However, it should be noted that fewer children was also correlated with increased negative social support in the present study. This may imply that without the availability of sibling support, the adult child may invest more time in elderly care and consequently experience more stress, which could catalyze direct negative behaviors towards elder parents. Future studies may need to explore the linkage between number of children and perceived social support among U.S. Chinese older adults.

The study presents a complex picture with regard to gender differences in the correlation between health and perceived social support. Of particular interest is that negative social support was correlated with overall health status and health changes over the past year in women but not in men. This finding concurs with prior studies showing that women were particularly vulnerable to negative social interactions [34]. A systematic review of marriage and health found that women showed greater physiological changes than men in response to negative behaviors in marriage [35]. In a study of 2,348 adults aged 25 years to 75 years, family strains were only associated with health problems among women [36]. One possible explanation may be that when encountering negative social support, men are more likely to use problem-focused and rational coping strategies, while women tend to adopt emotion-focused and avoidance coping strategies [37]. Accordingly, older women may respond to negative social support with anger and anxiety, which may trigger physical and mental illness.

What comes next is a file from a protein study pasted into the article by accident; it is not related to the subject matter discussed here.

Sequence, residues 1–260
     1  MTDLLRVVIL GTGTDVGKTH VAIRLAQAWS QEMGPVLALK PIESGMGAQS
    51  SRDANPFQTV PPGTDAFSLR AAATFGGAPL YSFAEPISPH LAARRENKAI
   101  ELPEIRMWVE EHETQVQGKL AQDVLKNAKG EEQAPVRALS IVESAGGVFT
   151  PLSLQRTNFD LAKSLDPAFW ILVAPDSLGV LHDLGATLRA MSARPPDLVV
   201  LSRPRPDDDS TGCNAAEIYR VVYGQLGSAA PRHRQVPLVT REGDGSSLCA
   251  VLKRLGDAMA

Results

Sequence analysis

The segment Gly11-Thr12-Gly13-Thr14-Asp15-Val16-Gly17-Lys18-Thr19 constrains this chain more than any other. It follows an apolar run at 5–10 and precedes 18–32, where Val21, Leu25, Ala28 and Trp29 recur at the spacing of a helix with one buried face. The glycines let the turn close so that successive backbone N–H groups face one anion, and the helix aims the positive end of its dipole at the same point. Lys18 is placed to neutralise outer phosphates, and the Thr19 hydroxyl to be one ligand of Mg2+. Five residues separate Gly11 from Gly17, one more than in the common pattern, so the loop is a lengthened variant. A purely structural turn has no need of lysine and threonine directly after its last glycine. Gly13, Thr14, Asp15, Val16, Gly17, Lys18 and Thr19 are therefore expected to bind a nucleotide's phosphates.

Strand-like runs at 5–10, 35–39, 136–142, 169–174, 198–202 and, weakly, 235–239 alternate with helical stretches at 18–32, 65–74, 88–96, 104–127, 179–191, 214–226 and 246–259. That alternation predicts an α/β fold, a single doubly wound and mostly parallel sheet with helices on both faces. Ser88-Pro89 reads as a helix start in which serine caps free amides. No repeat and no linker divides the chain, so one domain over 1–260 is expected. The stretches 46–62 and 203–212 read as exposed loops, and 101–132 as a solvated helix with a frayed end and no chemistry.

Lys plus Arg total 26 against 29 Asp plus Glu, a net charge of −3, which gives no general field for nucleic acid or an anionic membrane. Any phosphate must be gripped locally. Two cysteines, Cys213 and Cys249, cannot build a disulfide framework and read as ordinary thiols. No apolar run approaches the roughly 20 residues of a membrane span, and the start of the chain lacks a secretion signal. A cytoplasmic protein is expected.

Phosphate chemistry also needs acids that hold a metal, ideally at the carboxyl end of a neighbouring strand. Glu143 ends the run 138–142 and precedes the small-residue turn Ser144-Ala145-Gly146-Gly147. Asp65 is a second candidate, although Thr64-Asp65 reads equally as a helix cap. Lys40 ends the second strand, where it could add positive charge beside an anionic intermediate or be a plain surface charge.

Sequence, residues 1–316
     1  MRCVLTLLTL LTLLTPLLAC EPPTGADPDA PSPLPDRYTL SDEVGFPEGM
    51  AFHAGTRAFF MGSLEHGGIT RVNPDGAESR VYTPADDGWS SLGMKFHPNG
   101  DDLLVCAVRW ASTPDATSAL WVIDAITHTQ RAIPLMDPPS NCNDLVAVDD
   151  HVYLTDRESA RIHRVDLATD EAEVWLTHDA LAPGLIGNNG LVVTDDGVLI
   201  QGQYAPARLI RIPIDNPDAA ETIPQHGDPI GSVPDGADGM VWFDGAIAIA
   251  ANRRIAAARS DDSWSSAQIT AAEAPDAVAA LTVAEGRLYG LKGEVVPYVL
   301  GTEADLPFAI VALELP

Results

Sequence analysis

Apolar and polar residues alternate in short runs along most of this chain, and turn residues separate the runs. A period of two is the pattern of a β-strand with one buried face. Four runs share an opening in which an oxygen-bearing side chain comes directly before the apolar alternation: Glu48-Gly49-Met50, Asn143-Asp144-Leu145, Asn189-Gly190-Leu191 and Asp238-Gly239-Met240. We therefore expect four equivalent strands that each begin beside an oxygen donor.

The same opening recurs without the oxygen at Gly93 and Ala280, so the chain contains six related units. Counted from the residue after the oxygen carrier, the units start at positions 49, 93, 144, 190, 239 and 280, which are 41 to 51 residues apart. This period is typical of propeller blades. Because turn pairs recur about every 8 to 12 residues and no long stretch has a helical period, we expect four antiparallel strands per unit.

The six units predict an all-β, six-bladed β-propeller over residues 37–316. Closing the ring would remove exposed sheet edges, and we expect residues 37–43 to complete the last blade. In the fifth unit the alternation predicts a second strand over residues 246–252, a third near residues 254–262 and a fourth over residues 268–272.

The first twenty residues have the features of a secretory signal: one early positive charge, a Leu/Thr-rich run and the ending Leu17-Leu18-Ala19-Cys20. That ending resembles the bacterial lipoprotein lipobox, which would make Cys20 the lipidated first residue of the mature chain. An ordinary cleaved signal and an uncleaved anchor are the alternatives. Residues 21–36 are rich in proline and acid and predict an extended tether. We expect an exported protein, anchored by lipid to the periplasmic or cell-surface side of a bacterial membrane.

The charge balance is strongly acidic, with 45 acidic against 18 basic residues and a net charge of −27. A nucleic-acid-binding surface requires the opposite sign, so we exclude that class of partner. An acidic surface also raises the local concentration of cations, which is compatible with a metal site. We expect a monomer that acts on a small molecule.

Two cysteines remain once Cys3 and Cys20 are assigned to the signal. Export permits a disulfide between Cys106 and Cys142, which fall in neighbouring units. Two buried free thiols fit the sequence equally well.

In addition, compared with older men, older women are more likely to suffer from resource deficits such as illness and widowhood. Influenced by cultural values that place women as subordinates to men, U.S. Chinese older women may be also more prone to financial restraints. Such resources deficits may place older women at higher risk for depression, anxiety and even suicidal ideation. We speculate that negative social support experienced by U.S. Chinese older women may worsen psychological disorders brought by resource deficits [38]. Future studies should examine the linkages among negative social support, resource deficits, and psychological disorders.

Another explanation for the reciprocal association between health and negative social support among older women is that poor health status increases conflicts in social relationships via high levels of financial and emotional dependence. Particularly, due to language barriers and unfamiliarity with the U.S. health care system, older Chinese women who are ill have to rely on children for making doctors’ appointments and transportation to the clinic. The increasing demand on children may increase caregiver stress and elicit conflicts in the relationship. The pathways by which perceived social support and health interact necessitates further clarification.